* EU agricultural bureaucracy is notoriously voluminous and complicated. Even if a farmer has only one cow, its ears must be tagged and its movements meticulously logged. One ICPPC campaigner – himself an organic farmer – claimed that 60% of his working day is devoted to paperwork. This may be achievable by a large-scale 'industrial’ farmer who can employ a manager, but to a small-scale, 'traditional’ farmer, it is surely just unworkable. Would the EU be prepared to consider streamlining and simplifying its agricultural bureaucracy? Would the EU also be prepared to apply a different, more relevant and realistic set of regulations to small-scale farmers or, failing this, apply its regulations exclusively to farms over a certain size and – like the former 'Communist’ authorities – leave small-scale Polish farmers to continue their traditional socio-economic existence and trade their produce with whomsoever they wish?
In recent years the EU has already taken important steps to substantially simplify the CAP. We have for instance already a simplified system that greatly reduces the complexity of applying for and paying aids to small farmers, better known as 'The Small Farmers Scheme’. Around 20% of EU’s farmers can benefit from this system and make one single application a year for direct aid and receive one global payment per year. However for Poland and most other acceding countries this will not apply. Instead, to take account of the administrative complexity of the normal CAP and the fact that farmers in the acceding countries are not familiar with EU procedures, we have proposed something even simpler – the Single Area Payment Scheme (SAPS). Full details of this can be found in the Act of Accession, but the basic principle is that all the money that would have been received under the separate direct payment schemes gets lumped together and divided by the total agricultural area of the country.
This gives a single, unvarying flat rate of aid per hectare, regardless of what the farmer does with his or her land. So far nearly all of the acceding countries, including Poland, have expressed their intention to opt for this 'simplified’ payment scheme. The SAPS, if chosen, will apply equally to all farmers, big or small. There is no simpler system that could be applied exclusively to small farmers. Indeed, although there are certain minimum practical thresholds for aid claims (farmers must have a minimum number of hectares, which the member state may set at between 0,3 and 1 hectare), the EU has no interest in excluding small-scale farmers from EU support. The acceding countries will even have specific rural development measures such as the new 'semi-subsistence’ measure, which is designed precisely to support small semi-subsistence farmers during a period of restructuring.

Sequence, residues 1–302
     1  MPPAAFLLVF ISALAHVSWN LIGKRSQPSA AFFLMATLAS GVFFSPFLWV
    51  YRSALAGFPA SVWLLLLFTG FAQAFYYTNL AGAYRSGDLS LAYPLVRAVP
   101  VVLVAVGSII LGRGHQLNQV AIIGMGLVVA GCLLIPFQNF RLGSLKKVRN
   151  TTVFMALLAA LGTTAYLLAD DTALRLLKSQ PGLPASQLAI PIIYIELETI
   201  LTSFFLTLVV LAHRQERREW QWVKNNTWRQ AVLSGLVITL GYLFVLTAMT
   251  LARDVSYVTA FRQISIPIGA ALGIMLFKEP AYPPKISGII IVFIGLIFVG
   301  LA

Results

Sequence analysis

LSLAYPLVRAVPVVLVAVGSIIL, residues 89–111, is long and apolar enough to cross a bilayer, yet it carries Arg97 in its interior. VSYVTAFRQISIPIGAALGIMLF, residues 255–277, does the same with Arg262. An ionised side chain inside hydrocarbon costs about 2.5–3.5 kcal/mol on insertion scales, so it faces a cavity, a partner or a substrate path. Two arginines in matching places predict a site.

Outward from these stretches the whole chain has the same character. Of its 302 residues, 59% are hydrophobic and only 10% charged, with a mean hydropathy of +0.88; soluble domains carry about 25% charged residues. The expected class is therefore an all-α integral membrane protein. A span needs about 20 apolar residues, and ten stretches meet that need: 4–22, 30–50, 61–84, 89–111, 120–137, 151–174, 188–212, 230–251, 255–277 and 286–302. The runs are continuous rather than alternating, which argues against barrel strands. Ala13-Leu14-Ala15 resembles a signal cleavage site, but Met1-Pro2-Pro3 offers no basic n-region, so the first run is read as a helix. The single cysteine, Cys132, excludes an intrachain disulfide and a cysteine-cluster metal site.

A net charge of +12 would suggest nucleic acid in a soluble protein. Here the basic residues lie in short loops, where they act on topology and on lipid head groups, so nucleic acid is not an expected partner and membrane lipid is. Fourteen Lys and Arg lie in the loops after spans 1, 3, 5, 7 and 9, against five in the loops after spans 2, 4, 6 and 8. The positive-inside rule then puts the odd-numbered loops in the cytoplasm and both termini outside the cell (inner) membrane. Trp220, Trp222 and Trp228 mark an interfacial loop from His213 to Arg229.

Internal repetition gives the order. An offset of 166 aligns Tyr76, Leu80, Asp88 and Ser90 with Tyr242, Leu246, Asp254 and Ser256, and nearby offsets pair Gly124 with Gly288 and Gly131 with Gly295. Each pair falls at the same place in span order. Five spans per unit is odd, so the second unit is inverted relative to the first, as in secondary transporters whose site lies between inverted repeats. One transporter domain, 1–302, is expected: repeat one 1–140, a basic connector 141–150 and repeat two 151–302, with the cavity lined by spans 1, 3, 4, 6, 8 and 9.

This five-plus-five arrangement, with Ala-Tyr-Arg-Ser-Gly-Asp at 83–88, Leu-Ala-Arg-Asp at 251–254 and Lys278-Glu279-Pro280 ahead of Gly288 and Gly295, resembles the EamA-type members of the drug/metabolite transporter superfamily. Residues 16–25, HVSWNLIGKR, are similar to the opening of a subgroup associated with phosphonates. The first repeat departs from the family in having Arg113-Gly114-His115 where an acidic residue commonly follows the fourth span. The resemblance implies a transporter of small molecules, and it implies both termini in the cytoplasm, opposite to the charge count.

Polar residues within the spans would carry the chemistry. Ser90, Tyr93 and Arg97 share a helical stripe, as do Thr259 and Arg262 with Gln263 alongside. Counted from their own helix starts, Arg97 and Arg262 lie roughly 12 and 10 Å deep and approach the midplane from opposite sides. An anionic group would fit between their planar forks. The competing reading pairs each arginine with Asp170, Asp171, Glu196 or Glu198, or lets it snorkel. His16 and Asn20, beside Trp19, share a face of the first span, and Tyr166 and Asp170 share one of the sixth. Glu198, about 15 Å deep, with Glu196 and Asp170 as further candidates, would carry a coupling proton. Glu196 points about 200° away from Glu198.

However, as to food safety, the EU made it clear from the beginning that it would not accept a situation that might lead to lower food safety standards or to any risks for consumers and the new Member States recognised that compliance with the EU’s acquis on food safety was essential. For instance the regulation on identification and registration of bovine animals which is to ensure traceability by means of ear tags, passport, holding register and central computer database, applies to all bovine animals irrespective of the size of the holding and Poland has committed itself to fully transpose and implement the said EU regulation.
…and some follow-up questions…
Just a couple of follow-up questions regarding our recent 'interview’.
You say that with regard to 'food miles’; „apart from possible tax measures that may increase the price of transport, I do not see how a regulatory approach could work here”
Many Greenscene readers might say; „why not?” While I would encourage consumers to make environmentally responsible choices, if they decline to do so, is it not reasonable to expect them to pay the real costs of their choices?
* Is the EU hostile to a system of levies that would increase the cost of food transported considerable distances and sales tax relief for food produced and sold locally?
· If not, would the EU expect the initiative for such a scheme to come from consumers, or would the EU be prepared to 'take the moral lead’ and impose such a scheme itself?
Mark, this is an issue I would not want to elaborate on.
Thanks for you understanding.